The not-quite closer types
Much like Will Harris, Chris Martin didn’t exactly have the best route to the Major Leagues. He didn’t debut until he was 28-years-old, and he was in Japan at age 30. He returned the the Majors in 2018 and had a breakout year in 2019. Harris is 33-years-old, and really only has one truly above-average season in his career. Splitting time between Texas and Atlanta he posted a 3.40 ERA in 55.2 innings. He allowed nine home runs and walked just five batters on the season. The right-handed reliever also struck out 65. He pounds the strikezone with the absolute best of them.
Recording the final out of the World Series is a nice line on your resume. And for Daniel Hudson that is always going to be there. He began 2019 with Toronto but was traded to the Nationals at the deadline. Between the two stops he posted a 2.47 ERA in 73.0 innings where he walked 27 batters and had 71 strikeouts. It was the best season he’s had in quite a while – dating back to his 2010 or 2011 seasons when he was still starting.
After missing the 2016 season, Craig Stammen returned to the mound with the San Diego Padres in 2017. Since that return he’s posted a 3.06 ERA in 241.1 innings in 209 games. That’s come along with just 60 walks – eight of which were intentional, and 235 strikeouts. He’s also been a guy with a high rate of ground balls, getting them at a 50.6% rate in that stretch. Stammen doesn’t throw hard – but in 2019 he picked up a full MPH on his fastball and it was easily the best velocity he’s had in his career despite being 35-years-old and in the Major Leagues for 11 years. He’ll be 36 next season, but he gets grounders, he misses bats, he actually GAINED velocity in 2018 and 2019, and he doesn’t walk anyone. That’s a pretty good set of skills, and it’s one that won’t cost much, either.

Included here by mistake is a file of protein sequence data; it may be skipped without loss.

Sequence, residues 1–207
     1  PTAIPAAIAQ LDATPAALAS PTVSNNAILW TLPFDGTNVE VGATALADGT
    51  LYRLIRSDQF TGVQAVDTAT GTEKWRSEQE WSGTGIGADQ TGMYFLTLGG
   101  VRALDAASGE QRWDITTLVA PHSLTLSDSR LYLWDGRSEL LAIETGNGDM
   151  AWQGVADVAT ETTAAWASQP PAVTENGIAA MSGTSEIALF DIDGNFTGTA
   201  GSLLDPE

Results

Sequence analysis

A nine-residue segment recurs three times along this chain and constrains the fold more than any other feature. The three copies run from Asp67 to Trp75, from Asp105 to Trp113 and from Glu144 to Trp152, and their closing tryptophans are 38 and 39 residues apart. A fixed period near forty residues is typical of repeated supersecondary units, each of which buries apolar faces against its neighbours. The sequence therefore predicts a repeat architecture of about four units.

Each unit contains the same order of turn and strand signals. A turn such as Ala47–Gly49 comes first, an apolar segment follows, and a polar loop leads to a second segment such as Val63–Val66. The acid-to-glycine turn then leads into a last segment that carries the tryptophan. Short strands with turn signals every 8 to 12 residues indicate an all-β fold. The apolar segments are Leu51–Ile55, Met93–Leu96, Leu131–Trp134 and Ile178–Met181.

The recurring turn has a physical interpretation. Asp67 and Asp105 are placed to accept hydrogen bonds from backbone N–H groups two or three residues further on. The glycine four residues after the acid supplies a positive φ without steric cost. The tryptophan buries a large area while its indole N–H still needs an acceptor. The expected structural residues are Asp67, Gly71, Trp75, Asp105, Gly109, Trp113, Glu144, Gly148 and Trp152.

The starters group
There’s always a handful of former starting pitchers who could find jobs as relievers. While I don’t have a list of guys who may find that role for 2020, feel free to check the list linked above and search out some options. They are out there.
The wild card
When healthy, Dellin Betances has been a dominant reliever for the Yankees. From 2014-2018 he posted a 2.22 ERA in 373.1 innings for New York. That came with an absurd 607 strikeouts and 162 walks. That’s a 40.3% strikeout rate. It’s the third highest rate in baseball since 2014 behind only Josh Hader and Aroldis Chapman.
What makes him a wild card, then? Well, he threw 0.2 innings in 2019. He missed the first five months of the year with shoulder injuries. When he finally returned in September his season ended that first night he took the mound. The right-handed reliever suffered a tear in his achilles. The injury won’t require surgery, which is good, but how long he will be out isn’t exactly known to the public at this point, either.
On one hand you could possibly get him on a short-term, 1-year deal where he’s looking to rebuild his market coming off of two significant injuries. If he goes that route and returns to what he had been, he’s be a dominant force for any team. But on the flip side you’re taking a risk on a guy coming off of two significant injuries who was down a few MPH in his only outing of 2019.